‘Our Central Motorway Police Group is training increasing numbers of officers to examine cars we stop to identify if they are cloned or feature stolen parts.

‘They are patrolling the region, stopping and checking any modified vehicles for insurance and stolen parts, and any we find will face the same fate as this M3 show car.’

The car was also registered as a two-litre diesel but it had a three-litre petrol engine and was fitted with four exhaust pipes

The car was also registered as a two-litre diesel but it had a three-litre petrol engine and was fitted with four exhaust pipes

Specialist vehicle examiner Boyd Howells says the force has had to seize 'countless cars' from people who thought they'd bagged a bargain after unwittingly buying 'cut-and-shut' motors

Specialist vehicle examiner Boyd Howells says the force has had to seize ‘countless cars’ from people who thought they’d bagged a bargain after unwittingly buying ‘cut-and-shut’ motors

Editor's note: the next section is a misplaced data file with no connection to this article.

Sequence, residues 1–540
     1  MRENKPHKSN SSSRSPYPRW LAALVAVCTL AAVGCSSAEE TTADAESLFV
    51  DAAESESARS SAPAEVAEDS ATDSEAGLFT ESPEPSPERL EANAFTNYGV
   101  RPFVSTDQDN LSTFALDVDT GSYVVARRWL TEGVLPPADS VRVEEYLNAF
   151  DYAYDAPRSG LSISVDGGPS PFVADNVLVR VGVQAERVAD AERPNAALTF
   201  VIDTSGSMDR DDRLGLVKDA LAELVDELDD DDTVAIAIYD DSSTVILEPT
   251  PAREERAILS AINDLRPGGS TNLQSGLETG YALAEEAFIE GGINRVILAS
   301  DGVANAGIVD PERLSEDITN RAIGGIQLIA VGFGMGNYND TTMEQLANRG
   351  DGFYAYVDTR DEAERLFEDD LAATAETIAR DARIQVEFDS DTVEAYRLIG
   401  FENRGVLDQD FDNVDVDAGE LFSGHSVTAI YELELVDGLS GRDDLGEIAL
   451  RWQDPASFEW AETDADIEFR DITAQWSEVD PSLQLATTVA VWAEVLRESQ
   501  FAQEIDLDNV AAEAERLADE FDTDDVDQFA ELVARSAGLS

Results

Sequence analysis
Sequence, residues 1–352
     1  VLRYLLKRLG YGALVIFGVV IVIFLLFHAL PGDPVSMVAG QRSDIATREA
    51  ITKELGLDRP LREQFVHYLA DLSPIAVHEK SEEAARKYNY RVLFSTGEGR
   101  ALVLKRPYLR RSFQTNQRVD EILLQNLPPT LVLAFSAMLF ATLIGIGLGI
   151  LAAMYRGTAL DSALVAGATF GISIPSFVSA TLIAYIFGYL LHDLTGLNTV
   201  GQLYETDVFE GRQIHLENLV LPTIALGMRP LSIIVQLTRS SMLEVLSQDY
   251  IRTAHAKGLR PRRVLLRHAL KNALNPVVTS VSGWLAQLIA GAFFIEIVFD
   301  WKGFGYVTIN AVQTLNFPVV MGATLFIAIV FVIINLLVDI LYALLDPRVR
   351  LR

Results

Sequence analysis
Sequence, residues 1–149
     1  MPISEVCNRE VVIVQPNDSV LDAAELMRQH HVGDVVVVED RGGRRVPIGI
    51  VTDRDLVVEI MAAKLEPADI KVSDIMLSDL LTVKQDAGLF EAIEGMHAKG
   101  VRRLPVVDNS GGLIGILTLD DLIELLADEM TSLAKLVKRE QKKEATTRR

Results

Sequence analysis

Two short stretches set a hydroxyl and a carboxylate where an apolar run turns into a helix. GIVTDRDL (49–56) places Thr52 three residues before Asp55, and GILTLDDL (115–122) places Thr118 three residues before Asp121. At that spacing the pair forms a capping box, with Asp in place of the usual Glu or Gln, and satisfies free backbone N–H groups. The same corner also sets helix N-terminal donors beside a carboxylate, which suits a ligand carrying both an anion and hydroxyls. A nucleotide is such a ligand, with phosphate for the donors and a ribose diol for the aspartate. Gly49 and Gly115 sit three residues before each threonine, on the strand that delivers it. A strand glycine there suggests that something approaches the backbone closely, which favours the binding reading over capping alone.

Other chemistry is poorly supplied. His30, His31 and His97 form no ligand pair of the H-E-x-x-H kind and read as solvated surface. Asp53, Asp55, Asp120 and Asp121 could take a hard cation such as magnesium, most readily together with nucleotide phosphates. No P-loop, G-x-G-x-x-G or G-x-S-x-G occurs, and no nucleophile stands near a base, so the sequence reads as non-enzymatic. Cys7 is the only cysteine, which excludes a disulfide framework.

Specialist vehicle examiner Boyd Howells says the force has had to seize ‘countless cars’ from people who thought they’d bagged a bargain after unwittingly buying ‘cut-and-shut’ motors.

He said: ‘These buyers don’t get their money back. We seize the vehicle as it’s illegal and unsafe – and I’m pretty sure criminal gangs selling such vehicles don’t offer compensation.

‘That’s why it’s really important car buyers are switched on to the signs a car could be dodgy.

‘One of the most important messages to still remember is ‘if it looks too good to be true, it probably is’.

‘Ask yourself why is such a good looking car such an attractive price? I recommend buying cars from main dealers or approved used car stockists.

‘But if you are buying from an independent dealer pay a deposit or minimum of £100 on a credit card as it offers protection.

‘If they refuse credit cards that should be a red flag. Always inspect the car first – and if you’re not great with cars take along a friend who is, perhaps your regular mechanic.

‘You could also pay for an HPI check against the vehicle but these should only ever be used as a guide and are not advertised as 100 per cent accurate.’